Tornadoes and other severe weather occurrences are an especially real threat for Oklahoma residents. This makes it even more devastating when insurance companies refuse coverage to diligent policyholders whose properties have been damaged and, in some cases, destroyed. An insurer’s bad faith practices can cost homeowners thousands of dollars, so if your property was damaged by a tornado or other catastrophic event, it is important to contact an experienced bad faith insurance attorney who is familiar with this area of the law and can protect your interests.
Potential Property Damage
Damage caused by a tornado is usually related to high-speed winds. For this reason, residents in the path of a tornado are especially at risk of losing a roof or sustaining other structural damage to their homes. Oftentimes, this leaves many homeowners’ possessions open to the elements, resulting in even more loss from water and fire damage.
Tornadoes are likely to cause a wide range of damage, including:
- Damaged siding;
- Shattered windows;
- Foundation damage;
- Plumbing and electrical harm; and
- Cosmetic damage to the exterior of the home.
Preventing damage can be much simpler and cheaper in the long-run than attempting to recover from major loss, so it is important for homeowners whose properties are at risk of sustaining tornado damage to take a few precautions to help protect their homes, including:
- Trimming tree branches near the roof;
- Cutting down weak branches or trees that pose a risk to the home;
- Reinforcing roof shingles with extra nails or with cement for slate;
- Installing straps and anchors to strengthen the structure from the roof to the foundation;
- Retrofitting entry doors to increase wind resistance;
- Incorporating wind mitigation techniques and high wind-rated products during construction or remodeling;
- Bracing the end wall of a gable roof to resist high winds; and
- Replacing gravel or rock landscaping material with shredded bark to reduce the risk of damage from wind-borne debris.
Most homeowners insurance policies cover damage caused by wind, trees, falling objects, wind-driven rain, structural collapse, and tornadoes. However, homeowners insurance policies do not always cover other types of storm-related damage, including:
- Flood damage;
- Food spoilage due to power outages;
- Interior storm water damage when the walls and roof were not damaged;
- Water damage caused by backed-up drains or sewers; and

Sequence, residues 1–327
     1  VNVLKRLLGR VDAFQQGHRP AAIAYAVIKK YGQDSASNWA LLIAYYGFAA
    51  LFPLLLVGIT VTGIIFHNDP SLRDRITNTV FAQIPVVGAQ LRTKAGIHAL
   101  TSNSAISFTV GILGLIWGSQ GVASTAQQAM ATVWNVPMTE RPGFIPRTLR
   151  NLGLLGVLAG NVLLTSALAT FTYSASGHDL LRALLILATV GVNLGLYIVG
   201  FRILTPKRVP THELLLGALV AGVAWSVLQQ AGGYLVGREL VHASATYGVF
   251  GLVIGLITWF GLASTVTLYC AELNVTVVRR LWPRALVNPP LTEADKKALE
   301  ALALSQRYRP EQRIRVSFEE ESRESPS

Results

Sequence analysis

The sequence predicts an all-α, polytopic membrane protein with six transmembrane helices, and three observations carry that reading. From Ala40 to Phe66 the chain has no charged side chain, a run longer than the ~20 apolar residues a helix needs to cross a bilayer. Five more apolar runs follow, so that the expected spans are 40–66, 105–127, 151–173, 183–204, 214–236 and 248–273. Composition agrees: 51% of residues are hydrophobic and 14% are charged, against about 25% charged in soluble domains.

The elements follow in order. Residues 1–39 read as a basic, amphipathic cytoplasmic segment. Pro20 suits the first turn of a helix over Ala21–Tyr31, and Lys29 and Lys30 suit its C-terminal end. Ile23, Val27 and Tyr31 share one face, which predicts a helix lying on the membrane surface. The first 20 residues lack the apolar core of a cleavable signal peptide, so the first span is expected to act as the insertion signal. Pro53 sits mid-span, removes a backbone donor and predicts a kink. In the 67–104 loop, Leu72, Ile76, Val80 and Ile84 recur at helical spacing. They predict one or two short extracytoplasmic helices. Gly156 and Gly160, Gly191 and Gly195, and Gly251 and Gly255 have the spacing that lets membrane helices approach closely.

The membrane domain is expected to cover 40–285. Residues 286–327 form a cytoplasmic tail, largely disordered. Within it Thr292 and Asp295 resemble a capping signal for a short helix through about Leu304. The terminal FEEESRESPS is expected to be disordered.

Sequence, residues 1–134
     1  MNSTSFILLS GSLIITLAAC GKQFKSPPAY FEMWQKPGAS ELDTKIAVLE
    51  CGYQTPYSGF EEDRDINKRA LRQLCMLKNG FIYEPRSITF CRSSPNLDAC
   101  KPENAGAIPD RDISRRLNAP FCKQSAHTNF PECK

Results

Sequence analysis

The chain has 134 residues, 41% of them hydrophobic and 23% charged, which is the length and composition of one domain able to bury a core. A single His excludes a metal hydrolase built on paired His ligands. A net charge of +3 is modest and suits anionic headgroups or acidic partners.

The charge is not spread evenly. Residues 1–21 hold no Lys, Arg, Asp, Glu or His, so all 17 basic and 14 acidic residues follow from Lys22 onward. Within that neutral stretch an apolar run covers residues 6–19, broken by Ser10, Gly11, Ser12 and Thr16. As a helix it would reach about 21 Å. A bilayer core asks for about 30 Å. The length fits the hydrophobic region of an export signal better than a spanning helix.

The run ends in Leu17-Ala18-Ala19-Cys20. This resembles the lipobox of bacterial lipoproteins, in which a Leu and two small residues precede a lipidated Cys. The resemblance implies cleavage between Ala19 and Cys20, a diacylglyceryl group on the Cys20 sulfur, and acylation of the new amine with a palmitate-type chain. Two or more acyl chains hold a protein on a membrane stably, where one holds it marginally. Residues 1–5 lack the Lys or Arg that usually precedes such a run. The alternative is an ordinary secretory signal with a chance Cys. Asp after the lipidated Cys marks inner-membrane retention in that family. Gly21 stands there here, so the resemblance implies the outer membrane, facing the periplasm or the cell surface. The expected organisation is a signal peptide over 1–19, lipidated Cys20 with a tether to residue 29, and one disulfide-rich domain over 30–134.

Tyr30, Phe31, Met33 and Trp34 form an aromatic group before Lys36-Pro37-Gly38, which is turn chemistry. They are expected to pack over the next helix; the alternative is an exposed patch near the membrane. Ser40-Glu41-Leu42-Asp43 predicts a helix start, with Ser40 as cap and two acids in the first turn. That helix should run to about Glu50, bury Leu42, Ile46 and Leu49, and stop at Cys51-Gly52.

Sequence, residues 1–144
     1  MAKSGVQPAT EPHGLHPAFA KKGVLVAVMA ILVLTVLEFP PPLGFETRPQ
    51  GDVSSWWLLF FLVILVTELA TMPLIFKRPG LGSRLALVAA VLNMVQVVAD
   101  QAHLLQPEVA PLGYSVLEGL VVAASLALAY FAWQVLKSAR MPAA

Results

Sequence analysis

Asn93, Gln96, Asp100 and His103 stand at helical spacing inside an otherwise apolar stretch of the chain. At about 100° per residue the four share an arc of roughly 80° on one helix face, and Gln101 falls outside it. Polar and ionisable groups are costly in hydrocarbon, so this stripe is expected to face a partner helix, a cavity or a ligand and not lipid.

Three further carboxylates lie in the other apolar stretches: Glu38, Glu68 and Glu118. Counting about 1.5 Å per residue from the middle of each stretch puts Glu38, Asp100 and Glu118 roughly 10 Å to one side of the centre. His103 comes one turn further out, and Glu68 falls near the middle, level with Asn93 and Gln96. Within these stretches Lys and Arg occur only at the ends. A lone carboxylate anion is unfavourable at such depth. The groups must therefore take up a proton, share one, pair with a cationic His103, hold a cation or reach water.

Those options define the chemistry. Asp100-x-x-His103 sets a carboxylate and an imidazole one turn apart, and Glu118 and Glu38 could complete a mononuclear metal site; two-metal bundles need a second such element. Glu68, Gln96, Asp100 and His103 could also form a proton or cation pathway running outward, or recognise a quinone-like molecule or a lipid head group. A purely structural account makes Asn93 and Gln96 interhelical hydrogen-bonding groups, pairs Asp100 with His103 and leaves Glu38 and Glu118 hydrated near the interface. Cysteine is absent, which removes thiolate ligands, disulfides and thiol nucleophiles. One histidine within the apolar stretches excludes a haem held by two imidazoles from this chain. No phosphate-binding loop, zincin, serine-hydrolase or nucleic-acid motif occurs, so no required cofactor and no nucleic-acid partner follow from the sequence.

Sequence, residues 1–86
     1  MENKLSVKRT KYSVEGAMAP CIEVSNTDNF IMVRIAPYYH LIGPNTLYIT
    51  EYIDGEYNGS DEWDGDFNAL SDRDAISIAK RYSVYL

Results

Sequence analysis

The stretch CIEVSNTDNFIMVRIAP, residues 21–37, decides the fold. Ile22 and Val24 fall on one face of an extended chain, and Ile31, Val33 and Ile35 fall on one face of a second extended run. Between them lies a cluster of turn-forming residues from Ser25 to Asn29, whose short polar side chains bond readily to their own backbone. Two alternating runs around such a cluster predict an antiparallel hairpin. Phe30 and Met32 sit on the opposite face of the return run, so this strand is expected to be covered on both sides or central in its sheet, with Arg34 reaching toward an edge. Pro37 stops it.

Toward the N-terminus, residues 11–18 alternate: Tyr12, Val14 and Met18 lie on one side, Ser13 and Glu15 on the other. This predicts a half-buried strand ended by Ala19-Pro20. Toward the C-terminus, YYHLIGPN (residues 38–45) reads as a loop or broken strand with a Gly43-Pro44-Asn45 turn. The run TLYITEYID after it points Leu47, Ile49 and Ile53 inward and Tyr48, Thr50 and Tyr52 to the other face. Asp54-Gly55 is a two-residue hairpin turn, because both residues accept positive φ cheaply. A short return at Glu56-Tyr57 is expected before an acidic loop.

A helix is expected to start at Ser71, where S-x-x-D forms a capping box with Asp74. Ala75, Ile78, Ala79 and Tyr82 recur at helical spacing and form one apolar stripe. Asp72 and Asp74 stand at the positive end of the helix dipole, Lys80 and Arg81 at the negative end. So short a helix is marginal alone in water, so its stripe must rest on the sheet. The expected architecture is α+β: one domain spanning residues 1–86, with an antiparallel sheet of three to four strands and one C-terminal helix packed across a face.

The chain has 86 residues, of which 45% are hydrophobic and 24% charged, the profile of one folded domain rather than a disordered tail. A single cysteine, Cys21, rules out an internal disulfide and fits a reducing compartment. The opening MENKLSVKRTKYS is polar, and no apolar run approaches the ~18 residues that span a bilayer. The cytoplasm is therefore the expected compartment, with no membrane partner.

- Removal of fallen trees if they did not land on and damage the home’s roof or walls.
Those with homeowners insurance policies should review their policies in advance to discover the extent of their coverage.
While an insurance company’s decision to act in bad faith cannot always be predicted or forestalled, there are a few steps that homeowners can take to support their claim, such as:
- Taking photos or video of the damage;
- Collecting photos of the property prior to the storm;
- Making all necessary and temporary repairs in order to prevent additional damage to the property, but refraining from undertaking permanent repairs until an inspection has been completed;
- Saving all receipts from any temporary repairs as well as any costs incurred if a home is deemed unlivable;
- Keeping the names and license numbers of all contractors, adjusters, and inspectors;
- Making a time log of calls made, received, and returned to and from the insurance company;
- Requesting a complete policy from the insurer; and
- Preserving the evidence of the damage until given signed permission by the insurance company that the investigation has been completed.
While property damage can be devastating to a family’s finances, preventing personal injury is of primary importance. Although homeowners may feel helpless in the face of a natural disaster, there are some steps that can help mitigate physical injury, including:
- Preparing an emergency plan;
- Locating the safest area in the building, such as the basement, corridors, and small interior rooms on the first floor;
- Storing extra water and non-perishable foods;
- Purchasing a weather radio; and
- In the event of a storm, keeping all exterior doors and windows closed to minimize the chance that rain and debris will enter the building.
Contact An Experienced Attorney That Can Help
An insurance company’s refusal to cover damage caused by a tornado can take an extreme emotional and financial toll on homeowners. If you sustained property damage in a tornado or during another type of severe storm, it is important to contact an experienced attorney who can protect your interests. Please contact a dedicated member of our legal team at the Bennett Law Firm at 405-272-0303, and we will help you schedule an initial consultation.